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Johnny Gloke

The giant in his pain turned at once on his companion, and blamed him in strong words for hitting him. The other denied in anger that he had thrown the pebble. John now saw himself on the high way to gain his reward and the hand of the King's daughter. He kept still, and carefully watched for an opportunity of striking another blow. He soon found it, and right against the giant's head went another pebble. The injured giant fell on his companion in fury, and the two belaboured each other till they were utterly tired out. They sat down on a log to breathe, rest, and recover themselves.

While sitting, one of them said, "Well, all the King's army was not able to take us, but I fear an old woman with a rope's end would be too much for us now."

"If that be so," said Johnny Gloke, as he sprang, bold as a lion, from his hiding-place, "What do you say to Johnny Gloke with his old roosty sword?" So saying he fell upon them, cut off their heads, and returned in triumph. He received the King's daughter in marriage and for a time lived in peace and happiness. He never told the mode he followed in his dealing with the giants.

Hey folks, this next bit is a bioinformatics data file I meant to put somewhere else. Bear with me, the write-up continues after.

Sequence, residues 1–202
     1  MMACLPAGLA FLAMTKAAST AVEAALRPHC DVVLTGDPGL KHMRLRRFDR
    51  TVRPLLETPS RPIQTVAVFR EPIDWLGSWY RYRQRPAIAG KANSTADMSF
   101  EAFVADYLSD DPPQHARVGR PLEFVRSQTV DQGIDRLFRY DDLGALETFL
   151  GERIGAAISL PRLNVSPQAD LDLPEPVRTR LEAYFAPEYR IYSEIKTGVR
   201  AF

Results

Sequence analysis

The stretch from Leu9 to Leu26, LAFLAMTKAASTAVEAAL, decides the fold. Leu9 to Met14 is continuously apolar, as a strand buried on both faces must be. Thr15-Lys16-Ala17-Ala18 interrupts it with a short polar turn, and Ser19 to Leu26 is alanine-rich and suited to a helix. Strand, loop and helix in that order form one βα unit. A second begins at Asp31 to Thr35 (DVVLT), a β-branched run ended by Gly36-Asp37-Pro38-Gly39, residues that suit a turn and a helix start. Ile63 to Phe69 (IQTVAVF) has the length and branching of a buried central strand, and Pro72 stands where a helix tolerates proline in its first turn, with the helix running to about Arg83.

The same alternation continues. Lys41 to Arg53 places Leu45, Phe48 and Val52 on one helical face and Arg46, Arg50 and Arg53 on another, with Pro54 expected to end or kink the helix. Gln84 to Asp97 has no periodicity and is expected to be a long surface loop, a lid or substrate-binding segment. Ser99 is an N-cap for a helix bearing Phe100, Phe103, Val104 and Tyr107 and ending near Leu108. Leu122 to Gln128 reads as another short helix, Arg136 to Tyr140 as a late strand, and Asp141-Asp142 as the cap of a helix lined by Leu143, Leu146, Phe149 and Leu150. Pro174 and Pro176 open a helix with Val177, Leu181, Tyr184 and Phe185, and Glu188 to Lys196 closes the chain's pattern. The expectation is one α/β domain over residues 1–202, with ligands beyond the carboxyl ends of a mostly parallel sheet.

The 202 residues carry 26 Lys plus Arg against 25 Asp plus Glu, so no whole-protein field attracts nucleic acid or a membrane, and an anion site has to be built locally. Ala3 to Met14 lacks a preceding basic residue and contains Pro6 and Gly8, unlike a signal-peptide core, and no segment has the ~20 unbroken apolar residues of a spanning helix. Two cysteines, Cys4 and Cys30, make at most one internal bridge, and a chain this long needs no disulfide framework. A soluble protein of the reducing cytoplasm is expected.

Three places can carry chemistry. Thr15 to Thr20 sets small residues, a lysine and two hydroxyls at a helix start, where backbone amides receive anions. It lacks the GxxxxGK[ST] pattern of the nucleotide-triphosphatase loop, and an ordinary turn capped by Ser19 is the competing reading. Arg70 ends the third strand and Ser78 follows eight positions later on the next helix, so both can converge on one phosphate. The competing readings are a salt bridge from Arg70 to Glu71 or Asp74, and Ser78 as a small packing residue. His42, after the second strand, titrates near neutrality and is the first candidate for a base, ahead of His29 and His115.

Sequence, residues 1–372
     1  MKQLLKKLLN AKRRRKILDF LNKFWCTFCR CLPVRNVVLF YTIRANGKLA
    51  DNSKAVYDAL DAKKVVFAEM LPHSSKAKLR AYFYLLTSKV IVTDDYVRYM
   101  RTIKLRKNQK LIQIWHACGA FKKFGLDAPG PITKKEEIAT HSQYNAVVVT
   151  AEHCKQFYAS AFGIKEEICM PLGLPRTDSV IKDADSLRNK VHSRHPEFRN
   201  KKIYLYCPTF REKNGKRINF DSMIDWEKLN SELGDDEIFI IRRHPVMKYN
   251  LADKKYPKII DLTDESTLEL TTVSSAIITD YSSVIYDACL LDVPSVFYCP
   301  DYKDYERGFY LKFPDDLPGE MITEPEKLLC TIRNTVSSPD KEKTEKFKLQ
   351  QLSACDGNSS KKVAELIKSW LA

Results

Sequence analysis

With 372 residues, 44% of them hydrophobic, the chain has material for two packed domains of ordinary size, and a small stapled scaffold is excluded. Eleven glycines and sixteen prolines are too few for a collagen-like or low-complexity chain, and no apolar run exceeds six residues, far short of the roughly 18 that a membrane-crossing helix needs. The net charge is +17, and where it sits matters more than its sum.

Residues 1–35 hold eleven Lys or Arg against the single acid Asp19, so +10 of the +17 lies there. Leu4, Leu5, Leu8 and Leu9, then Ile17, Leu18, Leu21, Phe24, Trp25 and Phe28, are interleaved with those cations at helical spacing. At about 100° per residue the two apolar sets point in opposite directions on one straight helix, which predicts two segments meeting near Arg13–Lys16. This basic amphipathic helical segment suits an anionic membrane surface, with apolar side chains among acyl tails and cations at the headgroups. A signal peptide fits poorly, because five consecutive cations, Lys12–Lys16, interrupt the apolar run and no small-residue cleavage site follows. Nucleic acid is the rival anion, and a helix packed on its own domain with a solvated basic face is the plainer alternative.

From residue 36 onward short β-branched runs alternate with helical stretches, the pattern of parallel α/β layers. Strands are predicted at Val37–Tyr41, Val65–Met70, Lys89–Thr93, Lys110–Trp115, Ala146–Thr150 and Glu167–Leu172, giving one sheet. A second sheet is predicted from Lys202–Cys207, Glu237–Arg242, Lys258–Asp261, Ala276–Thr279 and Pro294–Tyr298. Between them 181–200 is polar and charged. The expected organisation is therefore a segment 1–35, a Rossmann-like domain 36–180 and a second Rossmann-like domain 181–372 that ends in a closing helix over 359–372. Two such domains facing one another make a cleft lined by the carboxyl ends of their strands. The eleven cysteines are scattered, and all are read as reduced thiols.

Some time after a rebellion broke out among the subjects of his father-in-law. John, on the strength of his former valiant deed, was chosen to quell the rebellion. His heart sank within him, but he could not refuse, and so lose his great name. He was mounted on the fiercest horse that ever saw sun or wind, and set out on his desperate task. He was not accustomed to ride on horseback, and he soon lost all control of his steed. It galloped off at full speed, in the direction of the rebel army. In its wild career it passed under the gallows that stood by the wayside. The gallows was somewhat old and frail, and down it fell on the horse's neck. Still the horse made no stop, but always forward at furious speed towards the rebels. On seeing this strange sight approaching towards them at such a speed they were seized with terror, and cried out to one another, "There comes Johnny Gloke that killed the two giants with the gallows on his horse's neck to hang us all.

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